On his 83rd birthday eddie a war vet & a maintenance worker at the ruby pier amusement park dies while trying to save a girl who is sitting under a falling ride. When he awakens in the afterlife he encounters 5 people with... more » ties to his corporeal existence who help him understand the meaning of his life. Studio: Lions Gate Home Ent. Release Date: 02/14/2006 Starring: Jon Voigt Steven Grayhm Run time: 133 minutes« less
Laurali G. from HARTSVILLE, SC Reviewed on 9/10/2014...
0 of 3 member(s) found this review helpful.
Jennifer D. (jennicat) from ST AUGUSTINE, FL Reviewed on 4/11/2014...
This is a good movie. I really loved the ending. Very thought provoking.
3 of 3 member(s) found this review helpful.
Sharon C. (Sierrastar) from LITTLE ROCK, AR Reviewed on 9/26/2012...
I loved this movie and it made me stop and think about a few events that have happened in my life. It is worth the watch
4 of 4 member(s) found this review helpful.
Marta C. from JOPLIN, MO Reviewed on 7/9/2012...
Very well done and thought provoking....follows the book well.
1 of 1 member(s) found this review helpful.
Jean W. from JORDANVILLE, NY Reviewed on 1/9/2012...
interesting movie with a different twist. worth watching more than once
Della S. from DOTHAN, AL Reviewed on 5/4/2011...
Wow! This made-for-television movie is fantastic! I read and enjoyed the book, and the movie script did the book justice, which is not always the case! The movie was cast perfectly and works well together. If you enjoyed the book, you will love this movie!
Colleen N. from VERBENA, AL Reviewed on 3/24/2011...
Very entertaining. A tear-jerker.
Joyce W. (Cuddlebug) Reviewed on 7/27/2010...
This movie is very thought provoking. You have to watch close in parts, or you may miss where the movie is going, but it is a very good movie. Worth checking out.
1 of 1 member(s) found this review helpful.
Angel O. (angelish) from GOLDSBORO, NC Reviewed on 7/25/2010...
my daughter and i love this movie, it is a great story of how people cross paths in life.
1 of 1 member(s) found this review helpful.
Alice H. (singlegalkansas) from TOPEKA, KS Reviewed on 1/20/2009...
Saw this when it first came out and loved it! Very meaningful!
3 of 7 member(s) found this review helpful.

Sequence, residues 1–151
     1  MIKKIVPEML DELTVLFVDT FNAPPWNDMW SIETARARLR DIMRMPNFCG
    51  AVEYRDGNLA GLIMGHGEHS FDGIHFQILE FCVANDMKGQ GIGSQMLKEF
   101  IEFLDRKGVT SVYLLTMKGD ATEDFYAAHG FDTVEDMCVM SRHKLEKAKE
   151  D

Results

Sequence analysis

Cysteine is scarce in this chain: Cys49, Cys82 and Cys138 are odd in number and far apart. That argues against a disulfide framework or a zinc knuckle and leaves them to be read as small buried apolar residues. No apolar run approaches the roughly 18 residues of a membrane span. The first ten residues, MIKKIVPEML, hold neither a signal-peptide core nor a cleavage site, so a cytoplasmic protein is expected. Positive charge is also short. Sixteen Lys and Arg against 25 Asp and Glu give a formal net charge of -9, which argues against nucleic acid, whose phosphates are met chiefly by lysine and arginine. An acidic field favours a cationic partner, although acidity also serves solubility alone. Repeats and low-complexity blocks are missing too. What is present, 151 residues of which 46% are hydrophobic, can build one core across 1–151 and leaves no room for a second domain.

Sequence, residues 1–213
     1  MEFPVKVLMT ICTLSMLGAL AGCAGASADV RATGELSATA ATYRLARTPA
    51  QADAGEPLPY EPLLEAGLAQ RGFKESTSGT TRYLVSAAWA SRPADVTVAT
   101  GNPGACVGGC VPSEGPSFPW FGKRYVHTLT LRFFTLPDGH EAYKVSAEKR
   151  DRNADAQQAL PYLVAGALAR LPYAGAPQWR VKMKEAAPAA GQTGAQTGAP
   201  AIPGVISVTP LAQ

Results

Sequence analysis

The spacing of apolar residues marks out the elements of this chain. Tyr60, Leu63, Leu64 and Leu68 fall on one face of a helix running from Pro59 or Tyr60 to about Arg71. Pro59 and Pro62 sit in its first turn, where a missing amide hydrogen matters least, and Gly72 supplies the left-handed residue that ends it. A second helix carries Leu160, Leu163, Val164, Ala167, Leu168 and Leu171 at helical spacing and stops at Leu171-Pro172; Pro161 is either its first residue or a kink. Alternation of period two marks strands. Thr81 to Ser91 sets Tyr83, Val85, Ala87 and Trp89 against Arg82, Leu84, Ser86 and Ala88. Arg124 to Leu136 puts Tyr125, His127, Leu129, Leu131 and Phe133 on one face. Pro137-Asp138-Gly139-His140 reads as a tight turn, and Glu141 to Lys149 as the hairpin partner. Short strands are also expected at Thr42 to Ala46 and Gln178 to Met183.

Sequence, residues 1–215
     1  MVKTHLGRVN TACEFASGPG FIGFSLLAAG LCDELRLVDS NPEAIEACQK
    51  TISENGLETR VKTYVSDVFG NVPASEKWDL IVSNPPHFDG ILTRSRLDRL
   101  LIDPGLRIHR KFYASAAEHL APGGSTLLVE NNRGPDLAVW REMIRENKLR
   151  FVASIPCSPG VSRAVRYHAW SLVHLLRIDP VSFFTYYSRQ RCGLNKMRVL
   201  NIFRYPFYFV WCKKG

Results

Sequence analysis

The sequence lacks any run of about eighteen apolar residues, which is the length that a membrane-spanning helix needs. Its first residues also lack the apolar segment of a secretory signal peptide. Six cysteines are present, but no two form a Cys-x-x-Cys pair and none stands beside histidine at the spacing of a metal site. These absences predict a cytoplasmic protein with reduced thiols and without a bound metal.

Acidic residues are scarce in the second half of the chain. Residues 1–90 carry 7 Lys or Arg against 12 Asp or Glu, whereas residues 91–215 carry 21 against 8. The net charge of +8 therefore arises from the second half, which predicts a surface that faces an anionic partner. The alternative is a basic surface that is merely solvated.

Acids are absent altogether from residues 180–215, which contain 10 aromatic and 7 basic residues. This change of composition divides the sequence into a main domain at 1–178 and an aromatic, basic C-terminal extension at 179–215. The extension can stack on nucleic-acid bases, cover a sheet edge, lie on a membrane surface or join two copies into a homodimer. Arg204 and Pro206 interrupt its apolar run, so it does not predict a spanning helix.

No Life Is Meaningless
Janet Boyer | Pennsylvania | 06/14/2005
(5 out of 5 stars)
""This is a story of a man named Eddie who was shown the secret of heaven: that each life affects the other, and the other affects the next. The world is full of stories, but the stories are all one." - The Five People You Meet In Heaven DVD
A critical, abusive, alcoholic father. The nightmares--and a physical wound--courtesy of war. Infertility. A beloved wife struck down with a neurological disease. Evaporating dreams of being an engineer, replaced with a life-long job as a theme park maintenance man.
Eddie feels like a loser. He was a nobody-his alcoholic father made sure of that. Working at the theme park Ruby's Pier, like his father before him, is how Eddie died and went to heaven.
Author Mitch Albom wrote the script for the made-for-TV movie The Five People You Meet In Heaven, which is based on his bestselling book. The theme of this story is that no life is a waste, no matter how seemingly insignificant-and that there are no random acts, because all are connected.
The profound but simple truths in this poignant story by Albom reflect the themes that all is one, there are no random acts, and that peace, learning and growth face us on the Other Side.
On a sunny day at Ruby's Pier, a cable system breaks down on an amusement ride, and Eddie, played by veteran actor Jon Voight, tries to save a girl from death. He feels small hands in his as he tries to pull her to safety.
"When Eddie died, he felt no pain. He experienced calm-as if every pain he experienced on Earth was washed away."
In heaven, Eddie is first met by a man who used to be a part of Ruby Pier's freak show-a man tinted blue by a chemical tincture he drank as a child. The man of blue (brilliantly played by Jeff Daniels) tells Eddie that he will meet five people in heaven, and each will share things which will be a lesson for Eddie. The part that the Blue Man played in Eddie's life was unknown until Eddie arrives in heaven: as a small boy, Eddie was playing ball in the street, and the Blue Man, driving down the same street, swerved to miss him. The Blue Man ended up dying of a heart attack, and Eddie was unaware of his part in the story.
When the Blue Man shared what happen, Eddie felt badly-that the accident wasn't fair, and that it should have been him that died. The blue man replies: "There is no fair in life and death. If it were, no good men would die young." Eddie assumes that he will now pay for his "sin" and be judged. The Blue Man dismisses this idea, almost with amusement: "No, no, no.", he says, shaking his head. In heaven, there is no judgment, but rather an opportunity to examine our lives-who we touched, the choices we made, and the consequences of those choices.